One thing that a pandemic does is concentrate the mind on essentials, the availability of medical care and guidance being about the most essential of all. Here in the UK most medical care is provided to most people by the National Health Service, but ‘socialized medicine’ was, of course, anathema to Ayn Rand. Her alternative has to be deduced from her writing, but her novels are poor guides, because no-one important ever gets ill. She, of course, is dead and can’t be consulted, but her disciples are still around in numbers and one of them sometimes leaks into my Linkedin feed.
So I asked the question: –
“Your ideal government does not “do” anything for the people, apart from regulate them and protect them from other states. So, obviously, no state medical services. Doctors etc. are there only for those that can afford to pay for them. Anything else is altruism, which you see as a primary evil.
Now, all over the world, thanks to COVID-19, doctors, nurses and care workers are putting themselves at risk in a most un-Randian fashion. Not only are they living for other people, far too many of them are dying for other people. Are they, in your view, evil, or merely deluded?’
This is, of course, a reference to the Randian mantra that I SWEAR BY MY LIFE AND MY LOVE OF IT THAT I WILL NEVER LIVE FOR THE SAKE OF ANOTHER MAN, NOR ASK ANOTHER MAN TO LIVE FOR MINE’ and the accompanying belief that altruism is the root of all evil.
The first response I got was
“Medicine would be delivered with far greater competence (and availability) if people were not prevented from acting upon their own judgement. Any and all shortcomings are a result of the raft of unethical regulations imposed by BIG_GOVT_VIRUS. People require freedom to exist as humans. The only ethical purpose of govt is to protect that freedom. I repeatedly answer your question about who regulates govt, yet you refuse to see it. The govt is regulated by the resources people are volunteering to pay, just like any other good/service. Their freedom to act as a human, is a value that people are naturally willing to pay for.”
Which seemed little more than a series of very dubious assertions, none of which actually addressed the question, so I repeated it, and got this.
‘Health care is not a purpose of govt. It is a purpose of healthcare professionals. Healthcare professionals are pursuing their own rational self-interest (the practice of their profession)’.
It doesn’t seem very rational self-interest to continue working with a very dangerous and very infectious disease without having access to proper protective equipment, but thousands and thousands of ‘healthcare professionals’ in this country are doing just that. To help me understand, however, or perhaps in order to muddy the waters still further, a picture was added to this reply, with a quote.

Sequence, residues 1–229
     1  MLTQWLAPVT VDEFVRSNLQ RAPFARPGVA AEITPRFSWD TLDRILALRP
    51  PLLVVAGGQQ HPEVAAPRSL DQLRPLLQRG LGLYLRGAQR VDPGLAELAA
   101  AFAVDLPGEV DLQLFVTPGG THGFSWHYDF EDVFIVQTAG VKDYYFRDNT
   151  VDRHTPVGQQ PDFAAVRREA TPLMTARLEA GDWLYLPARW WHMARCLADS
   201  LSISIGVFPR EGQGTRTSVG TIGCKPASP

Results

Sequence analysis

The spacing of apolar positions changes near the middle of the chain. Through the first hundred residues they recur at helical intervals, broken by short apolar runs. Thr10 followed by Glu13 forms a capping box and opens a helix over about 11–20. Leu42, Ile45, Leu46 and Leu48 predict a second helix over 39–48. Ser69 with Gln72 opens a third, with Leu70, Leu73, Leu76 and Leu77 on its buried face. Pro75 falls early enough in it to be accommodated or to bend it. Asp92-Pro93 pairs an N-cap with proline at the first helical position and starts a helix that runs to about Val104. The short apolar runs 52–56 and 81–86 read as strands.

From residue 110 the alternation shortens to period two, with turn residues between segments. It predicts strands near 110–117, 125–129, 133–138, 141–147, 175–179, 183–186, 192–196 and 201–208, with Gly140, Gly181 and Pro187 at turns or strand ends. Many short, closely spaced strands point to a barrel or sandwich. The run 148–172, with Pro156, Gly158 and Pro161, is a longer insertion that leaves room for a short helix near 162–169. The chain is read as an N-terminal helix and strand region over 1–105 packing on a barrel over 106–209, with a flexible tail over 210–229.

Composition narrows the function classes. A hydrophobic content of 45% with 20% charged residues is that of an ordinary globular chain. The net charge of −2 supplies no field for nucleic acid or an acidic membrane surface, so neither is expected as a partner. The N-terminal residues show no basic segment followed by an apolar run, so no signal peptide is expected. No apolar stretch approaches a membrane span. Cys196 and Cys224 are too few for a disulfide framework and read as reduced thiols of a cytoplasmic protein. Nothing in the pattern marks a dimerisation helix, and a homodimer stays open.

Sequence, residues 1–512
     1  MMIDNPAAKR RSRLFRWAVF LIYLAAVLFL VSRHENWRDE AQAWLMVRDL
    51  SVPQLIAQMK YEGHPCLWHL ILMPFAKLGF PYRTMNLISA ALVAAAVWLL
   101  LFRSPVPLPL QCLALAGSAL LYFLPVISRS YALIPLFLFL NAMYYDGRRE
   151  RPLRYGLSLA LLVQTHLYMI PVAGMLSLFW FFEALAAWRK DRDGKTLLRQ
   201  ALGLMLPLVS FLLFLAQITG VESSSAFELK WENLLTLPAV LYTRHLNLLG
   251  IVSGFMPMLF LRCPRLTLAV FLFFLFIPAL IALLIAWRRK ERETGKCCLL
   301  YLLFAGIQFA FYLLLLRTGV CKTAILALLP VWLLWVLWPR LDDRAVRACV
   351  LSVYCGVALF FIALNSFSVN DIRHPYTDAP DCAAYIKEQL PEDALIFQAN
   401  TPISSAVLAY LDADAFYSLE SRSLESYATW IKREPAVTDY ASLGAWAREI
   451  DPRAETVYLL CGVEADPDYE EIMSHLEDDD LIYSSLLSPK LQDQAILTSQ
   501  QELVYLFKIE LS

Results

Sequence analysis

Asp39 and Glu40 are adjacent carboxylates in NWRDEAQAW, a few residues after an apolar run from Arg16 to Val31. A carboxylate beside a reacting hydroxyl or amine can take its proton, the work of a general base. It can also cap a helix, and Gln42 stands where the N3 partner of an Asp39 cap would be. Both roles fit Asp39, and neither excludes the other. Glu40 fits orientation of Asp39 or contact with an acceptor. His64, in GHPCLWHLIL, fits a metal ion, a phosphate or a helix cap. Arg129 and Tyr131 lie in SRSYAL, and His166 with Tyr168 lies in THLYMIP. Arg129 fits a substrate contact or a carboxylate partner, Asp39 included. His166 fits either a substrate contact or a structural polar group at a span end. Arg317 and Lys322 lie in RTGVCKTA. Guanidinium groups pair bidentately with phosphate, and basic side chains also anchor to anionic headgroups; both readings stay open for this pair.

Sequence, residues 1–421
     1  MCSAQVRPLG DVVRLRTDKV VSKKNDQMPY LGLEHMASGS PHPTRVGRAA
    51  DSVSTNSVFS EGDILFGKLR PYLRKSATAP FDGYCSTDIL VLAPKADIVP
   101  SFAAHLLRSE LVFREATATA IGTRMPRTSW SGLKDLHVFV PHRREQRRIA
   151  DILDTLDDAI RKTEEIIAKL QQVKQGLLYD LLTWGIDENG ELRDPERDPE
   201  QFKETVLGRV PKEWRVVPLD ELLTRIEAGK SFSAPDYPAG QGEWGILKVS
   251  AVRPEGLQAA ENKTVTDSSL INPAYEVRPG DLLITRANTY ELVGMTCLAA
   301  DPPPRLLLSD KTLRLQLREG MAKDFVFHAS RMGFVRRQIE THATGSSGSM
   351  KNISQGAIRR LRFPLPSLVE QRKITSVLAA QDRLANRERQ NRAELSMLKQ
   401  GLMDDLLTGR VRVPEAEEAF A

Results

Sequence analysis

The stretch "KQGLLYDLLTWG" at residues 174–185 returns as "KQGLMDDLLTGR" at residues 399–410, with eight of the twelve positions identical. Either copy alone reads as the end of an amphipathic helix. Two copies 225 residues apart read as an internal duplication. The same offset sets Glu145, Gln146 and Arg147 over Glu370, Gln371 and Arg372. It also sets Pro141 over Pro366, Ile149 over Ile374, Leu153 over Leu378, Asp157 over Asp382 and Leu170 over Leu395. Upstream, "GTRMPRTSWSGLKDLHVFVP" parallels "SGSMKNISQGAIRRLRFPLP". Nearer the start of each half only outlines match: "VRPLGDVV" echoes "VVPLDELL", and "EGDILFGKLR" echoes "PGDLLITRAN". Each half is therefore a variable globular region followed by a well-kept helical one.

Sowell is a well-known libertarian writer, but the more I think about this particular quote, the crazier it seems. I know plenty of people who believe in the second of these propositions, and one or two who believe in the first, but I cannot even imagine the thought processes of those, whom Sowell seems to think exist in great numbers, who manage to believe both things at the same time. Either he is being quoted out of context, or he is not much of a logical thinker.
There is a second point. The Randian idea of how a medical service should function is presumably that you should go to a doctor, consult him, pay him on the spot, and if he/she refers you further, the same procedure applies, through tests, X-rays, treatments, etc. No pay, and you just suffer, or die.
That may have worked in village societies, where you went to consult the wise woman living in the last hut before the forest, taking with you a chicken or a bottle of rakia, but Rand liked to think of herself as a prophet for the modern world. And in the modern world, even those of us who have generous incomes feel the need for some sort of insurance against the possibility of catastrophic medical costs. My insurance now is the NHS, but I have worked in many countries, with many different medical systems, and the more lacking they were in any government-run medical bureaucracy, the more essential it was to be privately well insured. And I can tell you, from personal experience, that those insurance-based systems also required bureaucracies to support them, and that they were more complex, less efficient and, in the end, far more expensive than our governmental one.